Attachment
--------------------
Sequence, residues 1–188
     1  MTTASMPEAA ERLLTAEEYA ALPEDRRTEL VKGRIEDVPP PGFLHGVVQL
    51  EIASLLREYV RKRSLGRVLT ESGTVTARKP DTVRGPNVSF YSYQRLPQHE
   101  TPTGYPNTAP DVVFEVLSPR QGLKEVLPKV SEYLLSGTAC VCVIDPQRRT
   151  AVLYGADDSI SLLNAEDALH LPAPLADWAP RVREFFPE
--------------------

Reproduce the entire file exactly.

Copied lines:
Sequence, residues 1–188
     1  MTTASMPEAA ERLLTAEEYA ALPEDRRTEL VKGRIEDVPP PGFLHGVVQL
    51  EIASLLREYV RKRSLGRVLT ESGTVTARKP DTVRGPNVSF YSYQRLPQHE
   101  TPTGYPNTAP DVVFEVLSPR QGLKEVLPKV SEYLLSGTAC VCVIDPQRRT
   151  AVLYGADDSI SLLNAEDALH LPAPLADWAP RVREFFPE